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The Montex®Coat ticks all the right boxes for coating success in 2021 (c) Monforts
A recent Montex®Coat installation at a European mill.
24.02.2021

The Montex®Coat ticks all the right boxes for coating success in 2021

Flexibility, product uniformity and automation are the keys to success for coating businesses in today’s rapidly-changing technical textiles industry, explained Jürgen Hanel, Monforts Head of Technical Textiles, at the recent 1st World Congress on Textile Coating.

Introducing the latest Montex®Coat magnetic roller coating option to virtual delegates from around the world at the conference organised by International Newsletters, Hanel explained why this technology makes perfect sense now

“The magnetic roller system allows a wide range of coatings and finishes to be carried out, while being easy to handle for operators and much easier to clean at the end of the process,” he said. “It provides textile finishers with an expanded range of options due to the fully-adjustable positioning of the magnet within the roller and with four different magnet positions possible, can be set to operate both as a direct coating system and as an indirect coater.”

Flexibility, product uniformity and automation are the keys to success for coating businesses in today’s rapidly-changing technical textiles industry, explained Jürgen Hanel, Monforts Head of Technical Textiles, at the recent 1st World Congress on Textile Coating.

Introducing the latest Montex®Coat magnetic roller coating option to virtual delegates from around the world at the conference organised by International Newsletters, Hanel explained why this technology makes perfect sense now

“The magnetic roller system allows a wide range of coatings and finishes to be carried out, while being easy to handle for operators and much easier to clean at the end of the process,” he said. “It provides textile finishers with an expanded range of options due to the fully-adjustable positioning of the magnet within the roller and with four different magnet positions possible, can be set to operate both as a direct coating system and as an indirect coater.”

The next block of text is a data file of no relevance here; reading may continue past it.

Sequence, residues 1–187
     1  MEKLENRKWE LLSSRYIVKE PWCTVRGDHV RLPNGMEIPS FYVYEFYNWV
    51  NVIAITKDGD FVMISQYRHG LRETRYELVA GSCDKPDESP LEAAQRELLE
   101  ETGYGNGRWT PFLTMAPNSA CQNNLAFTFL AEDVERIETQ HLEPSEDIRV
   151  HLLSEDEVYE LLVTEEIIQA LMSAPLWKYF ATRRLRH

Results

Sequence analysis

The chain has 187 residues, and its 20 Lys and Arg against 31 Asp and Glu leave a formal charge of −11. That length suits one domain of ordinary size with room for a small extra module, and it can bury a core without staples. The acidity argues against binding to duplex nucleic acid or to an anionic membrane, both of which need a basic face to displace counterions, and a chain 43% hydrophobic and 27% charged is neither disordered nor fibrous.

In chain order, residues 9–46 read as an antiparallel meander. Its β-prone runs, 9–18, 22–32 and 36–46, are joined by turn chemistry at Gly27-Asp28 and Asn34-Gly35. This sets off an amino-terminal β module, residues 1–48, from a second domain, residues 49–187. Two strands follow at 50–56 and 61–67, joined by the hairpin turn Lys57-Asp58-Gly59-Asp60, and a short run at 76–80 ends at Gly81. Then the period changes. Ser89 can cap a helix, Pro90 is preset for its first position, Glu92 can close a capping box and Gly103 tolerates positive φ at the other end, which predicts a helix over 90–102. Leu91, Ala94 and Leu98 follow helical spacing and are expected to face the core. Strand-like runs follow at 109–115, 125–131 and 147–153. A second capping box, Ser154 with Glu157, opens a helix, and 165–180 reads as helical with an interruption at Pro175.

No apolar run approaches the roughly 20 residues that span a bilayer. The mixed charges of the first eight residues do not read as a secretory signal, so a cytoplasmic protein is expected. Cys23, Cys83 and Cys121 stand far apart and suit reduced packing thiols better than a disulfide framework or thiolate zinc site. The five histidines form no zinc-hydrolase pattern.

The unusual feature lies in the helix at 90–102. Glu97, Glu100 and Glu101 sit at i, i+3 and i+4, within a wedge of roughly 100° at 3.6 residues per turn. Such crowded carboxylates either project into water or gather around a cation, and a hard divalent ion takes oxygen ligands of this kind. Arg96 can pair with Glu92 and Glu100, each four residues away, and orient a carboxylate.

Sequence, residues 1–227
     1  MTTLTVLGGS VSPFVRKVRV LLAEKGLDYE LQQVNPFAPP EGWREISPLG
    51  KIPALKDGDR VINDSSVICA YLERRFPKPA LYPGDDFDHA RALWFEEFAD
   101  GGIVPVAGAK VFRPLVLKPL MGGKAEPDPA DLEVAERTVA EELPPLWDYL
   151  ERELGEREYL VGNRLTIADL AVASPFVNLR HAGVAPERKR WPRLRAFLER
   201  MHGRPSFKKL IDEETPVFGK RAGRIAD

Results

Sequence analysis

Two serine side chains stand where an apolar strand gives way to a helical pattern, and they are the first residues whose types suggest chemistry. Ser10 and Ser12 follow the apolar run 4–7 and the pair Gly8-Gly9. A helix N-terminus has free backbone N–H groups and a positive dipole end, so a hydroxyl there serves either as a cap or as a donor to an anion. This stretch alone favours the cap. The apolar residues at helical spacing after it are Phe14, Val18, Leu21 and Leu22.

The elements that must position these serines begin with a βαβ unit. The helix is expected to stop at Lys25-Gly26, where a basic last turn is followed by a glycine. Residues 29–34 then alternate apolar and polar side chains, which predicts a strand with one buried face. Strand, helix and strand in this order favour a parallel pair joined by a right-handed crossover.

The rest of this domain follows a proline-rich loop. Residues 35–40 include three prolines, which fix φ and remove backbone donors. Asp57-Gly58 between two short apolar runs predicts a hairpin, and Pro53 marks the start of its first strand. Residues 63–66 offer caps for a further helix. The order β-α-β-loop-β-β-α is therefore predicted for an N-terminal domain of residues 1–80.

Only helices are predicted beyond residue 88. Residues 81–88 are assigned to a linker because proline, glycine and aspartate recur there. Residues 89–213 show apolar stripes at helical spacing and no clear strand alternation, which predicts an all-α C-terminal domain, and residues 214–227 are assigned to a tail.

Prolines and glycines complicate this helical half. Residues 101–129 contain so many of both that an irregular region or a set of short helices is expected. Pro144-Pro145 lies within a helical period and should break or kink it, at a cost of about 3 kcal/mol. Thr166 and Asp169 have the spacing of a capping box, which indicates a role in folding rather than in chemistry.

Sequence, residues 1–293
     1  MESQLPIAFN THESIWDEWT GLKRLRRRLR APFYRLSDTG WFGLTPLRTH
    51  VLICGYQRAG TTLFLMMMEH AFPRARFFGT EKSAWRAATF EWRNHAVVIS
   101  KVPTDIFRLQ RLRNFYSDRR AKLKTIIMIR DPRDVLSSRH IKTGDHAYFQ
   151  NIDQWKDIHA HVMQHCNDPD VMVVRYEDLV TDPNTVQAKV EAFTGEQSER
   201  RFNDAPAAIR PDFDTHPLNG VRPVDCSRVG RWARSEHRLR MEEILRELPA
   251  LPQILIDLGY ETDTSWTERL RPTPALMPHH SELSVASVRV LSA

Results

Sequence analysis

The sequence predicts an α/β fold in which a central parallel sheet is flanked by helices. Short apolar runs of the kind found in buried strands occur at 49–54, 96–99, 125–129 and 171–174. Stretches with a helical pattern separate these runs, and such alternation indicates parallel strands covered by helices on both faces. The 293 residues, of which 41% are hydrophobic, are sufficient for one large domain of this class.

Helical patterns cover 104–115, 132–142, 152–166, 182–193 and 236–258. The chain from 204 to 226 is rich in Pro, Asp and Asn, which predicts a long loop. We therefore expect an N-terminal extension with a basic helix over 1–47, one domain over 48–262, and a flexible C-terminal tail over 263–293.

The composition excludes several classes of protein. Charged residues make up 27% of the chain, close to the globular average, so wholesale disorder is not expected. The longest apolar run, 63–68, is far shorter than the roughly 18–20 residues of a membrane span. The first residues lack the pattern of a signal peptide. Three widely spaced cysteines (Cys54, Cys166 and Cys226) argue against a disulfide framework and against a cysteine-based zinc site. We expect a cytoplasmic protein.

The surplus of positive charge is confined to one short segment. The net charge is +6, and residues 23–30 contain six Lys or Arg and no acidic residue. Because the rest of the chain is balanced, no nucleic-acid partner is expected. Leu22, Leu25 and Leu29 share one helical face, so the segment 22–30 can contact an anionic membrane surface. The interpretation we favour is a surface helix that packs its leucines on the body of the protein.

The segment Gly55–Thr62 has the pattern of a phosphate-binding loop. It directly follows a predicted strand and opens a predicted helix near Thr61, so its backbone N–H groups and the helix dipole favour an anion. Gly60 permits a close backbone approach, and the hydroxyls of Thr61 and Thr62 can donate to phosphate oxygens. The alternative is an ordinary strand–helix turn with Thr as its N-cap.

With traditional dip coating systems, he added, as well as with many standard knife coating technologies, there is always a difference in the tension between the centre and the edges of the wide width fabrics being treated – and hence the amount of pressure with which the coating is applied. With the use of a magnetic roller, equal pressure is applied across the full width of the fabric, with consistent results even at wide widths of over 2.4 metres. In addition, adjusting the roller surface, rather than changing the coating formulation to match the required add-on and viscosity for each coating effect required, leads to much higher output from the line.

Cleaner and less wasteful
The contribution of such flexible and resource-saving new technologies to a cleaner and less wasteful textile industry was a key theme at the congress – held virtually across the four afternoons of February 11th, 12th, 18th and 19th – as was digitalization and the many advantages it is providing.

“A typical integrated Monforts coating line is automated from the inlet feed to the winder,” Hanel told delegates. “Adjustments can also be made simply and easily from the touchscreen and with the new hand-held remote controller which has recently been introduced for the Montex®Coat unit.”

Manual adjustment, he added, is time consuming and needs the attention of an experienced operator or the reproducibility will not be accurate between coating operations. The adjustment by motors allows each coating to be stored and downloaded again for 100% reproducibility.